MD: Do you wish more people knew who you are?
Victor: Yes and no. To some degree, session drummers have always been unknown. I just discovered Steve Miller’s drummer Gary Mallaber, who was a session guy in the ’70s. He was kind of a lesser-known guy. I was at a session and I was playing one of the Steve Miller licks and thinking, That was so great. Who was that guy? We looked it up, and it was Gary Mallaber. And then I saw all these records that he played on that were just part of my subconscious because I grew up listening to them. He played on Eddie Money and Bruce Springsteen records—tons of stuff that was part of my vocabulary without my even knowing it. I wrote him an email, saying, “Man, you’re amazing. Thank you for all the stuff you’ve done.” But I think that’s also just part of being a session guy. There’s an unsung-hero part to it, always. People aren’t often going to know your name, and that doesn’t bother me so much. I never wanted to be a lead singer—I just wanted to play drums. And I’ve been pretty happy with where it’s taken me.
Willie Nelson Teatro /// Depeche Mode Ultra /// Scott Weiland 12 Bar Blues /// Chris Cornell Euphoria Morning /// Michael Penn MP4 /// Brad Mehldau Largo /// Macy Gray The Trouble With Being Myself /// Avril Lavigne Let Go /// Juanes Mi Sangre /// Paul Stanley Live to Win /// Colbie Caillat Coco /// A Fine Frenzy Bomb in a Birdcage /// Rob Thomas “Her Diamonds” /// Rachael Yamagata Chesapeake /// Seal Soul 2 /// Alanis Morissette Havoc and Bright Lights /// Horrible Bosses soundtrack /// Matrix Reloaded soundtrack /// Get Him to the Greek soundtrack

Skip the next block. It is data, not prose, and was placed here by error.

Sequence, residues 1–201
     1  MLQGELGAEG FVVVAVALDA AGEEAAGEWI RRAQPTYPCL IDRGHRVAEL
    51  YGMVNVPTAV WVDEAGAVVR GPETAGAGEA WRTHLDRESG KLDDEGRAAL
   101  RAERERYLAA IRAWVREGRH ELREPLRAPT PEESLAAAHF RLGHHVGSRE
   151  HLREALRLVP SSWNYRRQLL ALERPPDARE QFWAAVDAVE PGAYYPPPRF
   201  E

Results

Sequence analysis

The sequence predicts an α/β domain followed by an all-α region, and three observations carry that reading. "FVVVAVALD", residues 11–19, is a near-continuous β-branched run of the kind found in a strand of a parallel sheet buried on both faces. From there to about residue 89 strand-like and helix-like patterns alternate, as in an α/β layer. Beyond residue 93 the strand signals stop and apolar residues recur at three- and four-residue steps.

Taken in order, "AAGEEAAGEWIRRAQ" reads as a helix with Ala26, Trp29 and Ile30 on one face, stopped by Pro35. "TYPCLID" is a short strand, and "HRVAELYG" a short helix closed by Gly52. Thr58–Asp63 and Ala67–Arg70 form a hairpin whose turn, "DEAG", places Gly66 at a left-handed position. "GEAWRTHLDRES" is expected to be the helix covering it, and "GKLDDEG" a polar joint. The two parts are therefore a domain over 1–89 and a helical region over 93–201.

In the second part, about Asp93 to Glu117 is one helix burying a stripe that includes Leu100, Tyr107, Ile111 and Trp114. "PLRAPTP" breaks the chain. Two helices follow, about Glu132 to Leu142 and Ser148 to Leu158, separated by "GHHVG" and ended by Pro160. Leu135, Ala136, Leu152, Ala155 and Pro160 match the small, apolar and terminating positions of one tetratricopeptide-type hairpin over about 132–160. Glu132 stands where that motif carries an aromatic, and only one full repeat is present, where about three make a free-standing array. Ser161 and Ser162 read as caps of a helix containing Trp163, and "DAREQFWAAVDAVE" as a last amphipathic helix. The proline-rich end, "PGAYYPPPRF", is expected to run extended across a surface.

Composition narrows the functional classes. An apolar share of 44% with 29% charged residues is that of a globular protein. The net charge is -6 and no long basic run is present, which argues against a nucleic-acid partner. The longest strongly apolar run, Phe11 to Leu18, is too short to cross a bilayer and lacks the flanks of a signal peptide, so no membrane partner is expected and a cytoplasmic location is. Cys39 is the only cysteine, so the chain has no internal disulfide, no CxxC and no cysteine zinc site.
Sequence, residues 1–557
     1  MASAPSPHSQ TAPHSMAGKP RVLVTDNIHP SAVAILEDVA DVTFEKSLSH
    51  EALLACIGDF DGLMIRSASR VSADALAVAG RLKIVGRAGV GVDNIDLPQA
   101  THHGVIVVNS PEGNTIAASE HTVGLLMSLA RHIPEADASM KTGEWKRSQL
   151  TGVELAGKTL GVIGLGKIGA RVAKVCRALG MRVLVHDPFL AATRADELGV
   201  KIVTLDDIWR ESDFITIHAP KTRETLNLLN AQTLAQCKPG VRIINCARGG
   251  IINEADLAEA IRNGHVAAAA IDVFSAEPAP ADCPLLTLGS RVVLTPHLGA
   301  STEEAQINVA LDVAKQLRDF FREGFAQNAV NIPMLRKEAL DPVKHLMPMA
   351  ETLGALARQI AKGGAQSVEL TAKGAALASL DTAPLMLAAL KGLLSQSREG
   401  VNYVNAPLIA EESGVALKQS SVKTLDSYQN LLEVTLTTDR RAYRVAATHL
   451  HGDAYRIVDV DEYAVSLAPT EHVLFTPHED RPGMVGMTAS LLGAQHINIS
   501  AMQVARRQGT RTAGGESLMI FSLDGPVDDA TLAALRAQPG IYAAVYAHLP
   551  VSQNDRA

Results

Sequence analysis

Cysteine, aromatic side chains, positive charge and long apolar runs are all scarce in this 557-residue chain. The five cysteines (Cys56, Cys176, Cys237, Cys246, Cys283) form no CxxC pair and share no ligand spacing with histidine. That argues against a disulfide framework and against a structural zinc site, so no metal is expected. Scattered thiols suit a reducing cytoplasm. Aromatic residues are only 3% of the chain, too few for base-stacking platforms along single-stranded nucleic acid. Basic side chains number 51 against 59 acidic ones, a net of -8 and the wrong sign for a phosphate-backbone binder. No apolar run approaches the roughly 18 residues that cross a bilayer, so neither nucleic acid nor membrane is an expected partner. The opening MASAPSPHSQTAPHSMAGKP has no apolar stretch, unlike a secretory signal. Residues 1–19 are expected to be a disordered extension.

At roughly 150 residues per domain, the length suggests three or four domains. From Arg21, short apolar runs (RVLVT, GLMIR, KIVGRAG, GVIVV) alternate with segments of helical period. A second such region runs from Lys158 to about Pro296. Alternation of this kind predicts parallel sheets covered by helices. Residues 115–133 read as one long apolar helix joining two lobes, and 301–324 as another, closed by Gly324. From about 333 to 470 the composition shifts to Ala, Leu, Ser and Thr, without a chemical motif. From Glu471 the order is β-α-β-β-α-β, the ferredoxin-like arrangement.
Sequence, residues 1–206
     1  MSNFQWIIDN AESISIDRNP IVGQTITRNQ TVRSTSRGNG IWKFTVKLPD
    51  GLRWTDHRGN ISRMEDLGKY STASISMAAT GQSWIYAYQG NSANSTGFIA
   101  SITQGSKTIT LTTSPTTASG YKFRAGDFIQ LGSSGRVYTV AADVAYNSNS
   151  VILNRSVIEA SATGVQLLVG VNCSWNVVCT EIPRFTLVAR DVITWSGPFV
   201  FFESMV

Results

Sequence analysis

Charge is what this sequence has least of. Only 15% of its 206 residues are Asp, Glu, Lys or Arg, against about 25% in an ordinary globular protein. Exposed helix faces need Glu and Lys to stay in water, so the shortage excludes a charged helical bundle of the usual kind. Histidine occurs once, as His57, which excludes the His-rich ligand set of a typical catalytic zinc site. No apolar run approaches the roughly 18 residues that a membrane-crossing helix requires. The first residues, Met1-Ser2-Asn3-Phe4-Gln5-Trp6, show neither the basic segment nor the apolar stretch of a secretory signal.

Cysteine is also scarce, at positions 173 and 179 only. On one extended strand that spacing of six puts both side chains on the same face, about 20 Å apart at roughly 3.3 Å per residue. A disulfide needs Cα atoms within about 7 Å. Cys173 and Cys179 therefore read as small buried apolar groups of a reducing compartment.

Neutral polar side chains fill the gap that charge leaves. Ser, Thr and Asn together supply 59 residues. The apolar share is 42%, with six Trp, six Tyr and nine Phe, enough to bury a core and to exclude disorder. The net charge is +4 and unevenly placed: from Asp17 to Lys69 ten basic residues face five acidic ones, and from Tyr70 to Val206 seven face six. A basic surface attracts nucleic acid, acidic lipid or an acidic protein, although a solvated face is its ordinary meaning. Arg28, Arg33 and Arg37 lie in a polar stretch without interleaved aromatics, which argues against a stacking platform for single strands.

Indrizzo says that since every session demands different gear, he chooses from several drumsets that he keeps in his home studio, including Gretsch and OCDP kits, a Slingerland concert-tom set, and the Ludwig kit pictured here. He also chooses from various Zildjian cymbal models. The set he happened to have up the day we took these photos includes the following.
A. 6.5×14 OCDP Bell Brass snare
B. 8×12 Ludwig tom
C. 16×16 Ludwig floor tom
D. 16×22 Ludwig bass drum
1. 14″ vintage 1970s hi-hats
2. 20″ Constantinople Hi-Bell Thin Low ride (usually an 18″ K Dark Medium Thin crash)
3. 22″ K Light ride with three rivets
Hardware: DW 9000 series stands, bass drum pedal, and hi-hat stand
Heads: Evans. For studio work, Indrizzo also has 20″ and 22″ bass drums fitted with goatskin heads from Pro Drum.
Sticks: Vater New Orleans Jazz model, Heavy Wire Tap brushes, and T5 mallets
Accessories: Vater Multi-Pair Stick Holder